Buprenorphine treatment with daily visits costs $5,980 a year (includes twice-weekly visits and the cost of methadone).

Naltrexone treatment costs $14,112 a year (includes drug cost and administration and related services).

Why People May Choose MMT Over Other Opioid Treatment Programs

While MMT costs more than buprenorphine treatment, it also includes daily visits and counseling to ensure individuals have all the support they need during treatment.

On average, MMT programs are also less expensive than becoming entangled in the criminal justice system, which averages a cost of $30,000 per year for incarceration.

The cost-effectiveness of methadone makes it a good choice for those with opiate substance use disorders.

What’s Included In A Methadone Maintenance Treatment Program?

Different programs will include various services.

When choosing a methadone maintenance program, items to consider include:

  • the cost of methadone (whether it’s included in the treatment)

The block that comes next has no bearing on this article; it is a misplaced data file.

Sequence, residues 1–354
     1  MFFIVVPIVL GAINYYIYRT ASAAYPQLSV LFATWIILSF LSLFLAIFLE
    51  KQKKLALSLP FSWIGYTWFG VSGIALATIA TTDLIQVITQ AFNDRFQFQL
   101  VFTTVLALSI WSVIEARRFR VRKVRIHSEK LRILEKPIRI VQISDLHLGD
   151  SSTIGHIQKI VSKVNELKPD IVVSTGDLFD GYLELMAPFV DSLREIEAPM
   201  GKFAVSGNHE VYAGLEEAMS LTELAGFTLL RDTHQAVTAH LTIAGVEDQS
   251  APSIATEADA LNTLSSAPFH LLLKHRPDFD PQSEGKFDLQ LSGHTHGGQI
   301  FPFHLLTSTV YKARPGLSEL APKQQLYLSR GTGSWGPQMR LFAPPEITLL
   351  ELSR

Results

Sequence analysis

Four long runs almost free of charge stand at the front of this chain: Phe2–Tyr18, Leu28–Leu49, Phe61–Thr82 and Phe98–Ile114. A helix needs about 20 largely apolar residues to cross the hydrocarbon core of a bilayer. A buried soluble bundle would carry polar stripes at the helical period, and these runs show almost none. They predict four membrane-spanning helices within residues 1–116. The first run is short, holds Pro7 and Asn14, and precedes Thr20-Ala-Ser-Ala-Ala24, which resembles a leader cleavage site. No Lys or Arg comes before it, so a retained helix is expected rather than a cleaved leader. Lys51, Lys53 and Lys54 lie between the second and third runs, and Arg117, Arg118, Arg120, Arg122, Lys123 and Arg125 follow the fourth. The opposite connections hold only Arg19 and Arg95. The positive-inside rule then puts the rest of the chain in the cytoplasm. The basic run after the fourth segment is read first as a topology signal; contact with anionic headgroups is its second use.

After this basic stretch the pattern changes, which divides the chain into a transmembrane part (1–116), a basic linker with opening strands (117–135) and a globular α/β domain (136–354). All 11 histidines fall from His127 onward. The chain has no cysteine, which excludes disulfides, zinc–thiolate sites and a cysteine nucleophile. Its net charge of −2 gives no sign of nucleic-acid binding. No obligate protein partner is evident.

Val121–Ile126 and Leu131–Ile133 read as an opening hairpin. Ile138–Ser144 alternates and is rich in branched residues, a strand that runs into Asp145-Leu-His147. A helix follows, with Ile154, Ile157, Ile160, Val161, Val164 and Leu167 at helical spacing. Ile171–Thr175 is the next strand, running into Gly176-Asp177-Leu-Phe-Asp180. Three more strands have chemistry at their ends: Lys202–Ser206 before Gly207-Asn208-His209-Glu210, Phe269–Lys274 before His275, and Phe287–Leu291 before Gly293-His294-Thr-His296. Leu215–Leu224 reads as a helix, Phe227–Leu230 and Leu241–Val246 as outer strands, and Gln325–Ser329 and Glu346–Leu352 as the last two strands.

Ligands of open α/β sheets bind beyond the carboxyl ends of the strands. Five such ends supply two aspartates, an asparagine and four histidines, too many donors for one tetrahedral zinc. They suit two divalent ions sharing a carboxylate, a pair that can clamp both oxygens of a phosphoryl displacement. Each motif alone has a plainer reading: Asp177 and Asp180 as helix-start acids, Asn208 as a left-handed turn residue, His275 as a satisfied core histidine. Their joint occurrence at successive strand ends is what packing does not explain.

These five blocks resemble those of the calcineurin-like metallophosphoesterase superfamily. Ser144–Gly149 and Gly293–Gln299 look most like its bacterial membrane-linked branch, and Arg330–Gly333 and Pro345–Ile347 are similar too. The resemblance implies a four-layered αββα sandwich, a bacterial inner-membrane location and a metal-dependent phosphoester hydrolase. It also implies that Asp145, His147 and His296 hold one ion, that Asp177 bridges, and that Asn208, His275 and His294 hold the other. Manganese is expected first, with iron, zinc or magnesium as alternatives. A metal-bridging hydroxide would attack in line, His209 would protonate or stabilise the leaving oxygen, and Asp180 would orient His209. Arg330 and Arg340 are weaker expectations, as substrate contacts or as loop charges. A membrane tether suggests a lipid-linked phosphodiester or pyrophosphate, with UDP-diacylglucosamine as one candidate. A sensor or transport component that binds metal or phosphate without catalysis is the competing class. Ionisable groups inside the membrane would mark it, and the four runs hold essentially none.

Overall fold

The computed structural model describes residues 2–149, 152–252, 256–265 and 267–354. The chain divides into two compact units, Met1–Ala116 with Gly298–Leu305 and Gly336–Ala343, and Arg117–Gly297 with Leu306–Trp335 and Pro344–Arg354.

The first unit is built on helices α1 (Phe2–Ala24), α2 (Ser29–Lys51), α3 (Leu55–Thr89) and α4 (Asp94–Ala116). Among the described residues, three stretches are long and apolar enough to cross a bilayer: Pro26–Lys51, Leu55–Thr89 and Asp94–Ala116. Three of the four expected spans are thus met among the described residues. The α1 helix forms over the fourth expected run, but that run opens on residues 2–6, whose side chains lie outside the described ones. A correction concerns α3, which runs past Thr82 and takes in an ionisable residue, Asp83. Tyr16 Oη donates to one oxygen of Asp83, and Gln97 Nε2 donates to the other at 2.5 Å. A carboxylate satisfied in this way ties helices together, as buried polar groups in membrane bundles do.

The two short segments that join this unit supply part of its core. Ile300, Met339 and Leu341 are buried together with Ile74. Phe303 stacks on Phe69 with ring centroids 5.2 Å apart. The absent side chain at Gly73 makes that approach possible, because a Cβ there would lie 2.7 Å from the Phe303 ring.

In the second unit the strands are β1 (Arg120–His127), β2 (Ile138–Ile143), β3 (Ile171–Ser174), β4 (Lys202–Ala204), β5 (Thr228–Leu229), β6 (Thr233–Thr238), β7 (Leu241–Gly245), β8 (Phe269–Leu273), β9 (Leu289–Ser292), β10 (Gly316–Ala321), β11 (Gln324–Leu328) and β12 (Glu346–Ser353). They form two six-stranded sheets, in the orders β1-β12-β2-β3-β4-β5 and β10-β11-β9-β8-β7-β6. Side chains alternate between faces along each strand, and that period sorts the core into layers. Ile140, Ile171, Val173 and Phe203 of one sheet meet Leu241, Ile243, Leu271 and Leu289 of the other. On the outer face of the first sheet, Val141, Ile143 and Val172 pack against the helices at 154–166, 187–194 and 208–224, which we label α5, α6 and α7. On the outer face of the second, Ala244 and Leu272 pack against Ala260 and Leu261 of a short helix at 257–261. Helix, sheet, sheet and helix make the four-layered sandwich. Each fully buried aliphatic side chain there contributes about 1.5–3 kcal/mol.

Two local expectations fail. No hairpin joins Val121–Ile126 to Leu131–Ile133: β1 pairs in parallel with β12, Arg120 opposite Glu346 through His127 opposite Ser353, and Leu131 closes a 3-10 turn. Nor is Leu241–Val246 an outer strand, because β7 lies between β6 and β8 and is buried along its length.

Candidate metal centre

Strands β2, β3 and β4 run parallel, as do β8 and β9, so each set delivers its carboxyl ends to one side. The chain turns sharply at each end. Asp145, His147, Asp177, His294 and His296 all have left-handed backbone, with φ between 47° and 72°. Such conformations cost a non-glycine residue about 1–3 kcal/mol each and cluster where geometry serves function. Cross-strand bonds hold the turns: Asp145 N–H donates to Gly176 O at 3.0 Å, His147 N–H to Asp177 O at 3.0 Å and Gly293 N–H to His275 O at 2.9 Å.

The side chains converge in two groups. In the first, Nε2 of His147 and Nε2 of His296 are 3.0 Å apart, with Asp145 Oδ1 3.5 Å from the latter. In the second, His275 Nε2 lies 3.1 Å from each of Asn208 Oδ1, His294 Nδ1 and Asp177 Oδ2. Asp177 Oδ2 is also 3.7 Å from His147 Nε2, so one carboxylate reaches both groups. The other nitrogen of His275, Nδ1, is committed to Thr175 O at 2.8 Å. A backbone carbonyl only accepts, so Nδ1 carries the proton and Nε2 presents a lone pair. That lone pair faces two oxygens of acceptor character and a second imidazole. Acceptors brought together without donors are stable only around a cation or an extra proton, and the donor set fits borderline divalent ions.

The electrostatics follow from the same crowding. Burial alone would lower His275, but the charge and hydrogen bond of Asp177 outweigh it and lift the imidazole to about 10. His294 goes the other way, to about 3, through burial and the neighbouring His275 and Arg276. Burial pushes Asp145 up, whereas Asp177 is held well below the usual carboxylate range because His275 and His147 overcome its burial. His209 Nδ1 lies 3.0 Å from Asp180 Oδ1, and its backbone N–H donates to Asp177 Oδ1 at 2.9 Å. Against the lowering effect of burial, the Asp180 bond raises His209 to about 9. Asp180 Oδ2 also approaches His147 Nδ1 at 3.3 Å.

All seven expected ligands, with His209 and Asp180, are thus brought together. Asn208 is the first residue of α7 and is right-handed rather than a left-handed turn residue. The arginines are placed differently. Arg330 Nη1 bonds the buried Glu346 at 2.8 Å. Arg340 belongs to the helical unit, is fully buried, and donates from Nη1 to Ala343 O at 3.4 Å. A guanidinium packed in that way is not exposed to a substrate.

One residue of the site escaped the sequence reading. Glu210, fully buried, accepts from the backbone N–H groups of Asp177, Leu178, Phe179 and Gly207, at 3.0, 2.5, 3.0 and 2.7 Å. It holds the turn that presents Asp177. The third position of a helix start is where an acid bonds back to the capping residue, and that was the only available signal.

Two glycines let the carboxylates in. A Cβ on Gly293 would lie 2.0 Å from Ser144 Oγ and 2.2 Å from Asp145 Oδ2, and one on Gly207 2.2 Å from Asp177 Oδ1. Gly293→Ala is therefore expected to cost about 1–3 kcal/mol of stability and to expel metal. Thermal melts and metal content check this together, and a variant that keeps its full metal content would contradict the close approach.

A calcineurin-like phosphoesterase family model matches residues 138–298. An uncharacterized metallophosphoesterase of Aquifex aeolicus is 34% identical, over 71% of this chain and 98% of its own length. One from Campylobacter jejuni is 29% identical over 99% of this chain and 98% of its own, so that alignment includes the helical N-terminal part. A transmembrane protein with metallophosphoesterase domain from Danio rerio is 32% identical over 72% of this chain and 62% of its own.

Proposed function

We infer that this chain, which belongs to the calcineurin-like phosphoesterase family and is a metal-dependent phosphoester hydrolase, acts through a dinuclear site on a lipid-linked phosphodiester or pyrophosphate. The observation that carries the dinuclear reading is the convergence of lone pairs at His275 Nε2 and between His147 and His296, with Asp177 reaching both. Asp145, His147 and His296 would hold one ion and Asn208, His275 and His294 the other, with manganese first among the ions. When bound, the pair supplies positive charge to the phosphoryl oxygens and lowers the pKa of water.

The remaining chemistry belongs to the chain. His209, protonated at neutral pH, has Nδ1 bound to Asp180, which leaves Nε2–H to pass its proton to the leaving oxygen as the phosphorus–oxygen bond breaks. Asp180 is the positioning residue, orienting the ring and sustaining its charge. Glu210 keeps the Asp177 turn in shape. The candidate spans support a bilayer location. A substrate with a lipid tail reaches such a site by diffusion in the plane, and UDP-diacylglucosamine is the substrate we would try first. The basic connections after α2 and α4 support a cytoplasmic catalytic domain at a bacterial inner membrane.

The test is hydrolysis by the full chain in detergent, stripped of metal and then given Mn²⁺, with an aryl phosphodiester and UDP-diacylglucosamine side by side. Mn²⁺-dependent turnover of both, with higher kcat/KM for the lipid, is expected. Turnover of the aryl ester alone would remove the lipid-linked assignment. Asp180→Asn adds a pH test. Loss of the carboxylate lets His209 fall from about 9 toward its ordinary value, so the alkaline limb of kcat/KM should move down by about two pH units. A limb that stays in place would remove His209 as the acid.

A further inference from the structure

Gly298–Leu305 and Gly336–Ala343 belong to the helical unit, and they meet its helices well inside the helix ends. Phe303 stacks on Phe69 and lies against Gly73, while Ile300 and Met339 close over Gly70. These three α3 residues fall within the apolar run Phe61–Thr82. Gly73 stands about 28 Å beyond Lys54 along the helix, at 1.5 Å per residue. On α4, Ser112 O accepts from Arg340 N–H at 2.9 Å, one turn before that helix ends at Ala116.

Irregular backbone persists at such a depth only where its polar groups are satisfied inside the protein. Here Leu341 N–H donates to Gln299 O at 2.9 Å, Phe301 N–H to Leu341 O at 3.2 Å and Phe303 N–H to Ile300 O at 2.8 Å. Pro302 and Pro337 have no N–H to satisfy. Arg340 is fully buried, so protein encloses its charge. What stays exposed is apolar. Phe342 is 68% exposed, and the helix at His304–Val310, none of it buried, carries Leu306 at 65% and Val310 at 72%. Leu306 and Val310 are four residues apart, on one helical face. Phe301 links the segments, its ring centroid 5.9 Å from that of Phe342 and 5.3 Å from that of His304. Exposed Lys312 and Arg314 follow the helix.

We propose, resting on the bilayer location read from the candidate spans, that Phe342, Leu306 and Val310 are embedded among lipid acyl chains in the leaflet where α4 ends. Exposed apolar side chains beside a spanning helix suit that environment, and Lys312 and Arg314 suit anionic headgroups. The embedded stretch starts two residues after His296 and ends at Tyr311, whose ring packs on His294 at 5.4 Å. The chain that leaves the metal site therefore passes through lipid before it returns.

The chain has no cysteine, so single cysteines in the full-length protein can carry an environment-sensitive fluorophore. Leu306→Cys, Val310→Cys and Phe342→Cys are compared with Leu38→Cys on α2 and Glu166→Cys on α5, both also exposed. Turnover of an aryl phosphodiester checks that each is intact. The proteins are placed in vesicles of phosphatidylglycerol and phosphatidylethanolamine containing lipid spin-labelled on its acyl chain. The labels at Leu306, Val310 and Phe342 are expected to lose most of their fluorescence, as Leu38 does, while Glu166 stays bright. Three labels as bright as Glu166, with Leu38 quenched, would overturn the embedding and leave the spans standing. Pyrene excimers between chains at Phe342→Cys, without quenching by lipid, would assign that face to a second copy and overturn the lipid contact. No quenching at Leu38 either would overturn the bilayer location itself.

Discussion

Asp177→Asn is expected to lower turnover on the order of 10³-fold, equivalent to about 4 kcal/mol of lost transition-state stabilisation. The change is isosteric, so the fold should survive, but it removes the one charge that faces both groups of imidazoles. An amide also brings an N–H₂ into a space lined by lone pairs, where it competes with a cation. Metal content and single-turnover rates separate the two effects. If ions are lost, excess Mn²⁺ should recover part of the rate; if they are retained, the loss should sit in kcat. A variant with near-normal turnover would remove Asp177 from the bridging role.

• whether the treatment is at an inpatient or outpatient treatment center

The length of methadone maintenance treatment should correlate to the needs of the individual. This is why individual counseling, especially at the start of treatment, is so vital.

Recent clinical trials have also been conducted on methadone maintenance therapy programs to determine the ideal treatment length.

Some individuals will only need MMT for a year, while others may need it for the rest of their lives.

This page does not provide medical advice. See more

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Medically Reviewed by
Johnelle Smith, M.D. on March 10, 2021